"When you only have one type of major fuel source, with no competitive alternative, the price of that fuel is going to escalate dramatically. Economists predict this very scenario will happen, and we'll see natural gas prices rise at an alarming rate. In turn, if electricity prices rise, the price of everything else rises: from bread to cars, everything will be more expensive," said Jaworowski.
To protect Hoosier jobs and the Indiana economy, U.S. Rep. Rokita is committed to fighting against Obama's War on Coal. "Federal bureaucrats and politicians beholden to radical environmental special interests ignore it, but the truth is, when we pull coal out of the ground it creates wealth and improves the standard of living for all of our citizens. Coal keeps the lights on in Indiana and much of the rest of the nation, and as such, I will continue fighting the Obama administration's efforts to bankrupt the coal industry."
First, he is a co-author of H.R. 2916, the Domestic Energy Production Protection Act, which requires congressional approval of any EPA regulations that would lower domestic energy production. U.S. Rep. Rokita is also a co-sponsor of a number of bills that directly relate to the War on Coal. He has been vocal in his opposition to coal regulations, writing letters to the President as well as the EPA.
U.S. Rep. Rokita is a co-sponsor of House Joint Resolution 64, which disapproves of the EPA's recent regulations imposing burdensome pollution standards on future coal- burning plants. U.S. Rep. Rokita also co-sponsored the Ensure Reliable and Affordable American Energy Act, which delays the implementation of new EPA emissions regulations until other countries, comprising at least 80 percent of non-U.S. global carbon dioxide emissions, enact regulations that are at least as stringent as the EPA's new standards.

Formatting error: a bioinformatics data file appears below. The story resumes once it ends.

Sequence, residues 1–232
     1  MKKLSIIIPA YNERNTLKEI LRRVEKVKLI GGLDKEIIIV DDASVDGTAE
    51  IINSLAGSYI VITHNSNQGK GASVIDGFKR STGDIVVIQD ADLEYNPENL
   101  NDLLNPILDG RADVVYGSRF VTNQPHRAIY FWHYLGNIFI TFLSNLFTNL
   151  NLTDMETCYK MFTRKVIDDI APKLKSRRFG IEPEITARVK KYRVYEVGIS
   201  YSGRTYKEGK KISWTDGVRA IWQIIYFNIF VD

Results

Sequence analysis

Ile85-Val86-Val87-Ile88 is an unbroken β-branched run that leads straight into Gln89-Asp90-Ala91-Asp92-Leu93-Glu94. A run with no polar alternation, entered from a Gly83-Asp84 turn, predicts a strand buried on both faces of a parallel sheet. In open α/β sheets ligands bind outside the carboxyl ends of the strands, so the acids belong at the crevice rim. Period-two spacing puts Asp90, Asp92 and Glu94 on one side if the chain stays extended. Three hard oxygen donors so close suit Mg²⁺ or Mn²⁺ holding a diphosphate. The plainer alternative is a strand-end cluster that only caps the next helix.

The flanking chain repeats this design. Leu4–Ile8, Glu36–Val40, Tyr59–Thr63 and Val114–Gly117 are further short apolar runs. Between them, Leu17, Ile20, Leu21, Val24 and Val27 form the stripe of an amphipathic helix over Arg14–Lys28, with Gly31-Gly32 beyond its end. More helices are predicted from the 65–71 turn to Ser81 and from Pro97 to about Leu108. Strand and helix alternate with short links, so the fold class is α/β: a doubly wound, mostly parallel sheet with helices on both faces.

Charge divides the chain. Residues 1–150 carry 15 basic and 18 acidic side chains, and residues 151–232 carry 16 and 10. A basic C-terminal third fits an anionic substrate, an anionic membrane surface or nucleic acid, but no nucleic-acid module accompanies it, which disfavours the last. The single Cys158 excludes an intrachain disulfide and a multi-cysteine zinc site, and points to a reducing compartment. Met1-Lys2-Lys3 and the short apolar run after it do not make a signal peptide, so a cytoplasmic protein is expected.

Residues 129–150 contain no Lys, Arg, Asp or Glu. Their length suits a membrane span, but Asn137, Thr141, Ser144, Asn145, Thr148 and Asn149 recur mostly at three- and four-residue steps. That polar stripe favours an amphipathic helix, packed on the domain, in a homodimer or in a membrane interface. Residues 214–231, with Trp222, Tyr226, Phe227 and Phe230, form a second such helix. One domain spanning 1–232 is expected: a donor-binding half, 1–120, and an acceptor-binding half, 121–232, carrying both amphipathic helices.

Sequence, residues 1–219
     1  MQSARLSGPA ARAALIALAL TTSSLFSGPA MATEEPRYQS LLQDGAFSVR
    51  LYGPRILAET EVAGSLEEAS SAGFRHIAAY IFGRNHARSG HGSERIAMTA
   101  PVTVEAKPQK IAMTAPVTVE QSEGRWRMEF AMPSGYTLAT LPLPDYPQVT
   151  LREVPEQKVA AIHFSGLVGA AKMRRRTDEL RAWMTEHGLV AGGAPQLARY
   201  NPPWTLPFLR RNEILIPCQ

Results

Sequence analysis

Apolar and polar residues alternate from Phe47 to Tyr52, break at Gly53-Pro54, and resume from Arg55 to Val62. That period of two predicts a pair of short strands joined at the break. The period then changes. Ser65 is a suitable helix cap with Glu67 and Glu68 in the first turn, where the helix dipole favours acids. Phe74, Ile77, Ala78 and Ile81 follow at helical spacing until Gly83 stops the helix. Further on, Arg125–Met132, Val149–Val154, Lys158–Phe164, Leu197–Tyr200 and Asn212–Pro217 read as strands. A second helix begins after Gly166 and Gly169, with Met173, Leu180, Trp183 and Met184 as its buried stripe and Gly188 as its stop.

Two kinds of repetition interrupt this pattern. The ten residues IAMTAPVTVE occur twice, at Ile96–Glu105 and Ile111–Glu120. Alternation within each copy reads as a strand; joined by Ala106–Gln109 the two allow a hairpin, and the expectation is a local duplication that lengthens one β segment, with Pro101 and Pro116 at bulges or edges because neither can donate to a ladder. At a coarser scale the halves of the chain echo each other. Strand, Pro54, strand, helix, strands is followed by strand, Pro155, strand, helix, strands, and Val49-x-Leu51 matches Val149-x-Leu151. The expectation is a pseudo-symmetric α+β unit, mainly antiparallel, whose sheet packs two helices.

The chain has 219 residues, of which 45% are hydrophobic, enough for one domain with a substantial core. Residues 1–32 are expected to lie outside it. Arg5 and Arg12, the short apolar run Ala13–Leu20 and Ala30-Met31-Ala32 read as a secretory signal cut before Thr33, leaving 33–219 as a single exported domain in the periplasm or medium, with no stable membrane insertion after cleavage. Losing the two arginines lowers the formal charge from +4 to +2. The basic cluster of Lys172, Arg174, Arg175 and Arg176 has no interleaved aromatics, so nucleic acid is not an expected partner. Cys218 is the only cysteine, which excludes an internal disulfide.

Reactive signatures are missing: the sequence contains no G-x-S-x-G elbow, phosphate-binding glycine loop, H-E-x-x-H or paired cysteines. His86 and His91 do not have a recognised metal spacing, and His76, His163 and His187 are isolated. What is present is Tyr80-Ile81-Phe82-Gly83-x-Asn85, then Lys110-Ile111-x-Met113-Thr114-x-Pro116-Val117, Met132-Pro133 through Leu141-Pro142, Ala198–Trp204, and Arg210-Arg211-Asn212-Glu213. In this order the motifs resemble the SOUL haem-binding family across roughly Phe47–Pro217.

As the EPA toured the country for "listening sessions" about the dangers of coal on the environment, the administration targeted areas where their views would not be met with opposition. With sessions in Boston, New York, Philadelphia, Atlanta, Denver, San Francisco, Dallas, Seattle, Chicago, and Washington, DC, these ten states and the District of Columbia generate an average of 26% of their electricity from coal. Rep. Rokita co-sponsored House Concurrent Resolution 59, which expressed the sense of Congress that listening sessions should be held in the top coal-producing states, rather than those that rank near the bottom. By encouraging the EPA to listen to the public, this resolution would force the EPA to listen to the voices of those that they are hurting.
The regulatory process to open a mine can take a decade. With bipartisan support, the House of Representatives passed H.R. 761, the National Strategic and Critical Minerals Product Act. This bill expedites the review process and restricts frivolous lawsuits.
U.S. Rep. Rokita is fighting for H.R. 935, the Reducing Regulatory Burdens Act, which clarifies regulatory jurisdiction over pesticides, storm water discharge, and ship maintenance.
U.S. Rep. Rokita has been advocating for H.R. 2093, the Lead Exposure Reduction Amendments Act which would cut back on red tape by eliminating requirements that re-certification training be "hands on". With H.R. 2093, remodelers would no longer have to travel to training facilities out of their region. This bill would also reinstate the opt-out provision to allow home owners without small children or pregnant women more options in determining how to respond to the presence of lead paint in their home.
To preserve Congressional oversight of regulatory agencies, U.S. Rep. Rokita co-sponsored H.R. 2916, the Domestic Energy Production Protection Act. This legislation requires Congressional approval for any Environmental Protection Agency (EPA) rules that impact domestic energy production.
New Environmental Protection Agency (EPA) regulations would put American energy producers at a severe disadvantage in the global marketplace. U.S. Rep. Rokita co-sponsored H.R. 3140, the Ensure Reliable and Affordable American Energy Act which would delay the implementation of these rules until such time as a strong majority of nations adopt similar regulations.